Generally, an adult horse weighing 1000 pounds requires a minimum of 10 to 12 gallons of water a day. The temperature of the water should be maintained at 45 degrees to 65 degrees Fahrenheit to maximize the horse’s water intake.
Increasing salt consumption will also stimulate horses to drink more. Typically, an adult horse should consume approximately 1 to 2 ounces of salt daily. Loose salt may be better tolerated than salt blocks, as horses may not want to lick cold salt blocks during the winter.
Water troughs and buckets should be cleaned regularly and filled with fresh water, regardless of the temperature. If using a water heating device, inspect for wire damage and check the water for electrical shocks. Worn wires or other damage can cause electrocution or fire hazards, and electrical shocks in the water will discourage horses from drinking.
Shelter from wind, sleet, rain, and storms should be accessible to horses in the winter. A run-in shed or open stable are the best options, but trees can act as shelter if a building is unavailable.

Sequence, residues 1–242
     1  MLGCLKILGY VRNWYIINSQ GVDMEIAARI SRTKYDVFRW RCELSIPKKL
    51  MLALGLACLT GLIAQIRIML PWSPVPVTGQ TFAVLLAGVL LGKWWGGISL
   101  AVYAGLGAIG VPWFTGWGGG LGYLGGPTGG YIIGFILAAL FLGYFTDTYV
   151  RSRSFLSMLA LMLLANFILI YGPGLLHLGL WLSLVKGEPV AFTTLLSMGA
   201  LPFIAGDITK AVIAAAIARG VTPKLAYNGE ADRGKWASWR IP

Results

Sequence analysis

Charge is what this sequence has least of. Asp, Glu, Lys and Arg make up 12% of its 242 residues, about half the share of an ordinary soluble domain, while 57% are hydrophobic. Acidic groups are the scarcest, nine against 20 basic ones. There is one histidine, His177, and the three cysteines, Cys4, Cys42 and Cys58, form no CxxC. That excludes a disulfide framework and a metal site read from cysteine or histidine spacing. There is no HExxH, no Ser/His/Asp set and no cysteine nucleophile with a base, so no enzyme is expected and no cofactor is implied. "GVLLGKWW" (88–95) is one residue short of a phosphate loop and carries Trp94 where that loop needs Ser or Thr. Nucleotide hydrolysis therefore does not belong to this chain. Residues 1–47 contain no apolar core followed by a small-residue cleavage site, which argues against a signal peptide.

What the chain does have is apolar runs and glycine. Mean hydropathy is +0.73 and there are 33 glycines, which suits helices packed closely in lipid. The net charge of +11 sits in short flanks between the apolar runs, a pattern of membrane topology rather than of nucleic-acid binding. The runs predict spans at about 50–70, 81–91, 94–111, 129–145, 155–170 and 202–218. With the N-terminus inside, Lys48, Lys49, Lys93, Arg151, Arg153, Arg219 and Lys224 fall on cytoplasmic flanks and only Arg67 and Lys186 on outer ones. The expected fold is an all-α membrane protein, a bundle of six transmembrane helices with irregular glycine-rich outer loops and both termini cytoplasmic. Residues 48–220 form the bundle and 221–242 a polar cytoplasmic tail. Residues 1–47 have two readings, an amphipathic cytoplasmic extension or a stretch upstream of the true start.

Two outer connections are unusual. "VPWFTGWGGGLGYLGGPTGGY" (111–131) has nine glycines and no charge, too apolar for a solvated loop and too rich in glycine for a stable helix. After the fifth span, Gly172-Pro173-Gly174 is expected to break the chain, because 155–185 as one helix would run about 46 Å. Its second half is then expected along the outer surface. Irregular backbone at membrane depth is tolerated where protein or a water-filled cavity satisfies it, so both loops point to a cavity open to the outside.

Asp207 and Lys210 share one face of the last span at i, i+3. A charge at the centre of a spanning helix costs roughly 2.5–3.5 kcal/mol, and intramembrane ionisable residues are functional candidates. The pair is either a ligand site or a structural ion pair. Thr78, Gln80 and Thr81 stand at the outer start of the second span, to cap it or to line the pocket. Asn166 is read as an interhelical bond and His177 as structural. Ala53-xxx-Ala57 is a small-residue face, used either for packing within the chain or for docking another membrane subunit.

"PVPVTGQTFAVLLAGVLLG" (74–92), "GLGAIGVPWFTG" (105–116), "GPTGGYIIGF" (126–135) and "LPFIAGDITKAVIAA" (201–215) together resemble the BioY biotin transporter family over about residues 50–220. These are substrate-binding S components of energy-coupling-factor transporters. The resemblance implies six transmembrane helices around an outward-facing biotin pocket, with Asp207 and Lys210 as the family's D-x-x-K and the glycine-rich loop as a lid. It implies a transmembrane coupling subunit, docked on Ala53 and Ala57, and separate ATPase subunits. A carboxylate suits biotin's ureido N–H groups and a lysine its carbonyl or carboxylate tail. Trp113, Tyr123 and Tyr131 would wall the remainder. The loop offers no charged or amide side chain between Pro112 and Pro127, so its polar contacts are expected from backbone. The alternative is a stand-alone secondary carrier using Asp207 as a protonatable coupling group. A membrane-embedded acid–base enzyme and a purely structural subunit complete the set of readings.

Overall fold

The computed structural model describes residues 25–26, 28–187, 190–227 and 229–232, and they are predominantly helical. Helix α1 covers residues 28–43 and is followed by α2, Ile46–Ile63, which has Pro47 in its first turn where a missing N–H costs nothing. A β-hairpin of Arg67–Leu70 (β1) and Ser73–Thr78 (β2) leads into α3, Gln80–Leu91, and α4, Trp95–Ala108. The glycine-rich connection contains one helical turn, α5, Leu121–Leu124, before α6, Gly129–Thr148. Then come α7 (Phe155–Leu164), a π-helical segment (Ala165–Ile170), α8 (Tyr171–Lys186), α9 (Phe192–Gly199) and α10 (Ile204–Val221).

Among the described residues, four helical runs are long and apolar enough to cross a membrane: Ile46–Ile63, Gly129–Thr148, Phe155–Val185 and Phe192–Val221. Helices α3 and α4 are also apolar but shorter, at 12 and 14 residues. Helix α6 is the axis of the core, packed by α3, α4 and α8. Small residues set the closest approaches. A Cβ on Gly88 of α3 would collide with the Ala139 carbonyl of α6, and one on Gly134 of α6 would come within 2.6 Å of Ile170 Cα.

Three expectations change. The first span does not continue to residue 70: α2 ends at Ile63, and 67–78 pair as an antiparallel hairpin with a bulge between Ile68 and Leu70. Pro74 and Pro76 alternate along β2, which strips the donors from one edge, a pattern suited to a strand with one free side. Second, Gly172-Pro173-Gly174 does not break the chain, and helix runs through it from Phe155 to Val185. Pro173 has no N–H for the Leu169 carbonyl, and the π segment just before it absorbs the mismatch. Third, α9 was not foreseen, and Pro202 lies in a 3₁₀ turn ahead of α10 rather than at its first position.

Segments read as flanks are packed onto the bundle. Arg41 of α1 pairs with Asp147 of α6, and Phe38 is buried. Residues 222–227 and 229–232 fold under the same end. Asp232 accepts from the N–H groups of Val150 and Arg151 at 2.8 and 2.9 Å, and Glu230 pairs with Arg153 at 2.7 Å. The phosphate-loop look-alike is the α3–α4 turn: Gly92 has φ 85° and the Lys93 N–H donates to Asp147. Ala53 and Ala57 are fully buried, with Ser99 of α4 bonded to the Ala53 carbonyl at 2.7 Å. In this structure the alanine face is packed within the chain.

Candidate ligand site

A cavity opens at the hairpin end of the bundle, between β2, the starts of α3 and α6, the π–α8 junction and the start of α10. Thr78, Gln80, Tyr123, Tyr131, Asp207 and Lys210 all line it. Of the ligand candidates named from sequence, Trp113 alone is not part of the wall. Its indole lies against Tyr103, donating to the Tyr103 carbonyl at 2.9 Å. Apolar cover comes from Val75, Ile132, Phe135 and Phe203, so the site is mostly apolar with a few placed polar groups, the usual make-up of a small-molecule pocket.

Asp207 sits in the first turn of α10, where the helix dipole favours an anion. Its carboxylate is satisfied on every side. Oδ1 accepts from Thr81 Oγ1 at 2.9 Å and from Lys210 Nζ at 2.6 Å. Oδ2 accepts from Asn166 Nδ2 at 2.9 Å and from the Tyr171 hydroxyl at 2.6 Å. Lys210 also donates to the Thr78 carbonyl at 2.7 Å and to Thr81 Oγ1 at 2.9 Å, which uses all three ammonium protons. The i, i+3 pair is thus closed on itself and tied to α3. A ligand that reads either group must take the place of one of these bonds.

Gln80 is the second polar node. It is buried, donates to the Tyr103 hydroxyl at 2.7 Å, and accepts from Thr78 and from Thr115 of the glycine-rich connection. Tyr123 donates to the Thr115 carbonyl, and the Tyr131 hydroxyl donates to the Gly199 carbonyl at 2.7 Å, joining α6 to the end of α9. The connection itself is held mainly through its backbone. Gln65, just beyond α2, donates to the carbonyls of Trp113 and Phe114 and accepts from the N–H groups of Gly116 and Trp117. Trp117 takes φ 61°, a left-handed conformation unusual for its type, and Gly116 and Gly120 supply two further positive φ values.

While the most comfortable temperatures (depending on hair coat) are around 18 degrees to 59 degrees Fahrenheit, horses will tolerate temperatures as low as 0 degrees Fahrenheit without wind and/or moisture, and can tolerate temperatures as low as -40 degrees Fahrenheit with access to shelter. When the weather is snowy or the wind speed is greater than 11 mph, horses tend to seek shelter 62 percent of the time, as opposed to around 10 percent of the time in mild conditions.
Providing adequate shelter for your horses will help keep them comfortable and happy during the cold winter months.